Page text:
The final aspect to be considered is the layout of the tent. To be able to pick the best layout for your tent you need to decide how many people will be camping with you and for how long. It is also important to consider with how many people how much gear you and your group be storing in the tent as well. You will want to avoid narrow and low tents as you and your group will not be very comfortable especially if you plan to spend a great deal of time together in the tent. It will also be more difficult to keep condensation from getting on your gear. If you put your stuff against the walls of your tent no matter how waterproof it will get wet. If the tent is too low you either spend a lot of time sitting in your tent or stooping. Another important aspect to be considered with the layout is storage. Do you plan to store your gear with you in the tent or store it outside in a vestibule-type area? If you plan to store within the tent, be sure it either has a lot of floor space or lots of handy pockets to keep your gear in.
Once all these things have been considered it is now time to start comparing the various tents that are out there for cold weather camping. The two tents that will be mentioned are larger since you probably won’t be camping by yourself especially in cold weather.
Elk Mountain Canvas Wall Tent
The first highly rated cold weather tent is the Elk Mountain Wall Tent. This tent is made of a breathable polyester 11-ounce canvas. It boasts a breaking strength of 449 pounds (warp direction) and 382 pounds (fill direction). Since it is made from polyester rather than traditional cotton you don’t have to worry about mildew and mold as much since even though it can grow on any surface it won’t be able to gobble up your tent because the fibers are fully synthetic.. This material is also lighter to make it easier to pack into the backcountry. Another great feature of this material is that it is waterproof and provides good protection from ultraviolet rays.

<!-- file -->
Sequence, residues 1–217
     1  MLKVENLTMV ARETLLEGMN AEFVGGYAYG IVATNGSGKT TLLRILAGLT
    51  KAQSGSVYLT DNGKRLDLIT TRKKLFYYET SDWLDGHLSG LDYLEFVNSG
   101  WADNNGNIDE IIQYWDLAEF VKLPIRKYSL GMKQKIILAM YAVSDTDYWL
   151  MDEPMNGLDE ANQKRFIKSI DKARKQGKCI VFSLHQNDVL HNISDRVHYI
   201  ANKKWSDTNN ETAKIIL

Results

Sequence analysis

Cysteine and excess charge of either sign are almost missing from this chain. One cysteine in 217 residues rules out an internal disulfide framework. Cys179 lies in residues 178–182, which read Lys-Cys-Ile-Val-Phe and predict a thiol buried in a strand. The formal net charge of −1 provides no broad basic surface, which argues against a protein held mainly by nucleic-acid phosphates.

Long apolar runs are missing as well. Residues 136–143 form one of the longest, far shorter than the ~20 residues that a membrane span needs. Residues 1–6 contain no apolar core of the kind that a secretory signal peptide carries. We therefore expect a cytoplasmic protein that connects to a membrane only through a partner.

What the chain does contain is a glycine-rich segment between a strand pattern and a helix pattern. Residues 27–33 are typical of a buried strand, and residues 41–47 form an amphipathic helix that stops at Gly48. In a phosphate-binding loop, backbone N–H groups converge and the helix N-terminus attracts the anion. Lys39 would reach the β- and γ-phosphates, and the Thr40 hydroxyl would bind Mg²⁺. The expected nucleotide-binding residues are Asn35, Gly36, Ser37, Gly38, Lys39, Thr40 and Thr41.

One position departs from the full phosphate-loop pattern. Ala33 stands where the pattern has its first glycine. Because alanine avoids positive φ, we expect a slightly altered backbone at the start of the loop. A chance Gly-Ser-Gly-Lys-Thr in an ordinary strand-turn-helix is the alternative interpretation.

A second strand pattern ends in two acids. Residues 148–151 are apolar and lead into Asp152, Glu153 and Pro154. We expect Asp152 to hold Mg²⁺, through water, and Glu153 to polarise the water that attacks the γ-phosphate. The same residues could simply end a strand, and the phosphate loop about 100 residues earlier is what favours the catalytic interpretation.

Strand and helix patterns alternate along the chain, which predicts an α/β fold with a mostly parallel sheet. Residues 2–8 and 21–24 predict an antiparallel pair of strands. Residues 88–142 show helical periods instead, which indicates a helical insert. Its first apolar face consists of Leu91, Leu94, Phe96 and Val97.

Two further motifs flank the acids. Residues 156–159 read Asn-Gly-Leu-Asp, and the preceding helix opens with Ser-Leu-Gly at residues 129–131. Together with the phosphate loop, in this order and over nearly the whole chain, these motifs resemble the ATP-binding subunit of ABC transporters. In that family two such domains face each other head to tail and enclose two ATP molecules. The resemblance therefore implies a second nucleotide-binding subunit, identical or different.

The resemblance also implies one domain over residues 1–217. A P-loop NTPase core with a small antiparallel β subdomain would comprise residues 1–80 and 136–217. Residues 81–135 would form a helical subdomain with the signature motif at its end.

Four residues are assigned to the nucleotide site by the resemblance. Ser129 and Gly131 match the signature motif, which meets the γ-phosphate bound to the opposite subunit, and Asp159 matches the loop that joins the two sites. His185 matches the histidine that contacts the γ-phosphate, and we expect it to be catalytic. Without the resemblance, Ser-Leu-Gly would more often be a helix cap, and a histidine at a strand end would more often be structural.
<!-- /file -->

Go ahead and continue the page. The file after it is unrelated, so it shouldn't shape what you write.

Since the material is so thick it can easily hold in the heat but to make this tent ideal for even the coldest of temperatures it has an uncut stove jack. This allows you to put any stove in the tent and you can cut the stove jack opening accordingly.
You also won’t have to worry about condensation with this tent. Depending on the size of the tent it has 4-6 meshed windows that can be opened as well as two ridge openings that can be easily open and shut. All of these openings will allow enough airflow to help avoid condensation in this tent.
This tent also includes twelve eighteen-inch steel tent stakes which will help keep the tent from being blown away. This tent comes in three different sizes 13X13, 13X16 and, 13X20 so you can easily fit a family and gear in one of these tents. These tents will cost between $845.00-$1095.00 which may seem like a lot, but for all its advantages it is worth the investment.
Coleman Montana 8 person tent
The other highly rated cold weather tent is Coleman Montana 8 person tent. This tent is extremely lightweight for its size. This makes it easy to take into the backcountry. However, since it is made out of lightweight material it may not be ideal if you plan to camp somewhere that will be extremely windy. The tent material is waterproof and to help keep moisture away from the tent it does come with a door awning. It does get a little hot since the only ventilation in this tent comes from its windows. The measurements for this tent are 17X10. Which will give you plenty of room to sleep and store your gear. According to Amazon, this tent will cost $287.68 which is a good price for a family-size four-season tent. While it is more affordable it does have some drawbacks: such as, difficulty holding up against windy weather and heavy snowfall.
Cold weather camping can be an extremely fun way to spend your winter months. There is nothing like exploring the beauties of winter out in the wilderness. But, to go camping safely, you need to ensure that you are properly outfitted not only with warm clothing but a tent that will keep you safe and warm as well.